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Economy and Business

The Plain Dealer's parent is banking on younger web-focused readers
Impact of shift to more online content and less print is still being evaluated

Kevin Niedermier
Mory Bordman, his wife Rhoda and Herman Jones miss 7 day a week Plain Dealer delivery, but say they've adjusted.
Courtesy of Kevin Niedermier
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This week the Cleveland Plain Dealer began moving all its print reporters and other staffers out of its 14-year-old headquarters to the Terminal Tower on other side of downtown. It’s the latest in a series of moves the paper began making last year, including a shift to more on-line content, less print and reduced home delivery. WKSU’s Kevin Niedermier takes a look at how the changes are being received.

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The thinner Plain Dealer is still printed every day, but now home delivery is only four days a week. And last year more than 50 print reporters were laid-off. Some were offered jobs with the expanded on-line news service, The shift is an attempt to get ahead of the drops in circulation and print ad revenue most newspapers have been experiencing for years by delivering more news via the internet. So far no paywall is planned, and the online service is free. Twenty-seven-year-old Maggie McGinty of Lakewood is the type of younger news consumer the Plain Dealer is targeting.

Digital users 40 and under are the new target
“I wish I could say I got it from print, but my generation, we want news fast and we have it at our fingertips with our cellphones. So, pretty much all of my news is from my iPhone applications. If I needed local news I wouldn’t buy a Plain Dealer.”

The push to less print and more on-line product comes from the Plain Dealer’s parent company, Advance Publications. It’s made similar moves at some of its other papers, including the New Orleans Times-Picayune. Rick Edmonds is with the Poynter Institute, which trains journalists and tracks media trends. He says Advance hopes to replace declining print advertising with a growth in online ads.

“They do hope a stronger set of digital products will attract a younger audience and some who’ve drifted away from the print paper. But at the same time they’re risking losing some of the loyal audience who don’t like this too well. So it’s a somewhat bold and risky move that’s kind of disruptive in the short run.”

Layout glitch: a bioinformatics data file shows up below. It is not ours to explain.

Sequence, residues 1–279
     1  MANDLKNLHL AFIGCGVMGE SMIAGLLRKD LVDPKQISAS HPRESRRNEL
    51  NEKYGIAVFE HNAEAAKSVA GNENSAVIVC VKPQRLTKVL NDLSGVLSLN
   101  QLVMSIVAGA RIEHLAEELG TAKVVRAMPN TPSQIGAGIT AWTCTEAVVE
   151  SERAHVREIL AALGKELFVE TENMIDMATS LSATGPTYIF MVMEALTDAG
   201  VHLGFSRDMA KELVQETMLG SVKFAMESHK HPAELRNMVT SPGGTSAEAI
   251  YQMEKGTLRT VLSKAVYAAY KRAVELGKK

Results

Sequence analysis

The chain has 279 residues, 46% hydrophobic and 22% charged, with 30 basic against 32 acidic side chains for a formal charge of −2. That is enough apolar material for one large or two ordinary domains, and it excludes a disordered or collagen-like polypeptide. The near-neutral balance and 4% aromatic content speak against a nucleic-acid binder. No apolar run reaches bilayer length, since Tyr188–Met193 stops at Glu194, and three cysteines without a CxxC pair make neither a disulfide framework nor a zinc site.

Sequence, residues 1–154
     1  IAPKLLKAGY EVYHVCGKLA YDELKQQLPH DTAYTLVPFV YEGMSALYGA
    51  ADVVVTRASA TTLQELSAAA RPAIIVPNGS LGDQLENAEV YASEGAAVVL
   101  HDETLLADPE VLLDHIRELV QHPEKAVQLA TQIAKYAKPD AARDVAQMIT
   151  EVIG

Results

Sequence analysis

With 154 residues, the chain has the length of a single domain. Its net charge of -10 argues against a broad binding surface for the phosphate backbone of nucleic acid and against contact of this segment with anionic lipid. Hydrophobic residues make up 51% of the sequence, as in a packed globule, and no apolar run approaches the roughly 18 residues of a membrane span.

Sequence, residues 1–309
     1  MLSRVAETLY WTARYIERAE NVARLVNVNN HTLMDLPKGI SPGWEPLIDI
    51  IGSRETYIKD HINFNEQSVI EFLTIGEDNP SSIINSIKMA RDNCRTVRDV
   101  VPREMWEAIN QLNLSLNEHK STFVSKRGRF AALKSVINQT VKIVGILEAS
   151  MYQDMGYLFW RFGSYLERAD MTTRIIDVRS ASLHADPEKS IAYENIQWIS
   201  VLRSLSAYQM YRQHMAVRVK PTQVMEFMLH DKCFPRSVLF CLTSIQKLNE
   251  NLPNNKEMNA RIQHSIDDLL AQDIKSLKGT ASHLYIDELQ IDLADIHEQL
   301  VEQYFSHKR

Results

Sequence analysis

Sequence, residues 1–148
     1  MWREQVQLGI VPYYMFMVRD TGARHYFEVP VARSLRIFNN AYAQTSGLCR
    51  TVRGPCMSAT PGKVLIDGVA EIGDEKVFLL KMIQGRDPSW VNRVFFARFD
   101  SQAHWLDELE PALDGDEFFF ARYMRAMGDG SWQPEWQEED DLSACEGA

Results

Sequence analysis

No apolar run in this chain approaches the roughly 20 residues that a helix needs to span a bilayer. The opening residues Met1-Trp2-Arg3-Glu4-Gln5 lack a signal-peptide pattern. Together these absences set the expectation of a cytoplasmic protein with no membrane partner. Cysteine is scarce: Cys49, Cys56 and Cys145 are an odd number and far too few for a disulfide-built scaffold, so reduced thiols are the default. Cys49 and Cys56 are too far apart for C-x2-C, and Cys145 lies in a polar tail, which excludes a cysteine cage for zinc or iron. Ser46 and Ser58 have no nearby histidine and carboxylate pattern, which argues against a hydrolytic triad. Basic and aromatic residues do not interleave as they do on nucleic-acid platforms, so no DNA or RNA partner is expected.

Especially for people like 76-year-old subscriber Anna Marie Tomaro. At the Mayfield Heights senior center’s St. Patrick’s Day lunch, she says she misses daily home delivery and the old, beefier print content.

Some adjust, some don't
“I really liked it because you could read articles, details that you can’t get on TV, you know, the little, quick stories without going into detail. It’s been a hardship in that I really don’t get a lot out of it as I usually did. So, it’s a matter of me saying enough is enough and calling and cancelling the subscription.”

And she won't go online. "No, no…I like to sit down with a cup of coffee and newspaper and read!" 

But, 89-year-old Moray Bordman says he and his wife have adapted to less home delivery.

“At first we sort of missed it because it was a way of life for so many years. But we adjusted, we don’t expect it Monday and Tuesday, so it’s no problem now.

Ahead of its time?
The Poynter Institute’s Rick Edmonds believes the changes Advance Publications made at the Plain Dealer may be premature.

“I think maybe five years from now we’ll see many more papers that have done something like this. I think, and the feeling I get talking with other executives is that Advance made the move a little sooner than they should have. But Advance will say this is the future and if print advertising and circulation declines are inevitable, ... it's better to have some disruption now and be at the right place three to five years from now.”

Advance Publications did not return calls seeking comments on the Plain Dealer changes. And Plain Dealer officials declined to comment for this story. But at a speaking engagement last month, the paper’s managing editor said the Plain Dealer’s website had a record number of hits in January. Though he said it is still too early to tell if the changeover will be a success.




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